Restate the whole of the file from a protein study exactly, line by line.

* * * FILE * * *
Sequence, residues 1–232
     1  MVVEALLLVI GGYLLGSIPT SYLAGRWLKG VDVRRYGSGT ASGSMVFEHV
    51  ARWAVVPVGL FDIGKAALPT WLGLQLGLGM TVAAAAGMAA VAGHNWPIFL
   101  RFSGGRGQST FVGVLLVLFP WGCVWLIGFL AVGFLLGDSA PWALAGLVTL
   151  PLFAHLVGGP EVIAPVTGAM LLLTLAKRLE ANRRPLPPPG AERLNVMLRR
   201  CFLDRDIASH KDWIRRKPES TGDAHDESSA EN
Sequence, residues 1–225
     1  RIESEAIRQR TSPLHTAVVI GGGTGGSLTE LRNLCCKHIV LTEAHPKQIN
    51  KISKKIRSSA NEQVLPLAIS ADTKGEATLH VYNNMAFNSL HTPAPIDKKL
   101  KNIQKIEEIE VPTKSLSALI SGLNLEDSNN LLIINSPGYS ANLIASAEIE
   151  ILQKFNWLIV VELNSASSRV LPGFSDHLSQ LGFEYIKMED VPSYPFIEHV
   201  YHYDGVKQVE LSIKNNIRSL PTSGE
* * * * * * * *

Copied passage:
Sequence, residues 1–232
     1  MVVEALLLVI GGYLLGSIPT SYLAGRWLKG VDVRRYGSGT ASGSMVFEHV
    51  ARWAVVPVGL FDIGKAALPT WLGLQLGLGM TVAAAAGMAA VAGHNWPIFL
   101  RFSGGRGQST FVGVLLVLFP WGCVWLIGFL AVGFLLGDSA PWALAGLVTL
   151  PLFAHLVGGP EVIAPVTGAM LLLTLAKRLE ANRRPLPPPG AERLNVMLRR
   201  CFLDRDIASH KDWIRRKPES TGDAHDESSA EN
Sequence, residues 1–225
     1  RIESEAIRQR TSPLHTAVVI GGGTGGSLTE LRNLCCKHIV LTEAHPKQIN
    51  KISKKIRSSA NEQVLPLAIS ADTKGEATLH VYNNMAFNSL HTPAPIDKKL
   101  KNIQKIEEIE VPTKSLSALI SGLNLEDSNN LLIINSPGYS ANLIASAEIE
   151  ILQKFNWLIV VELNSASSRV LPGFSDHLSQ LGFEYIKMED VPSYPFIEHV
   201  YHYDGVKQVE LSIKNNIRSL PTSGE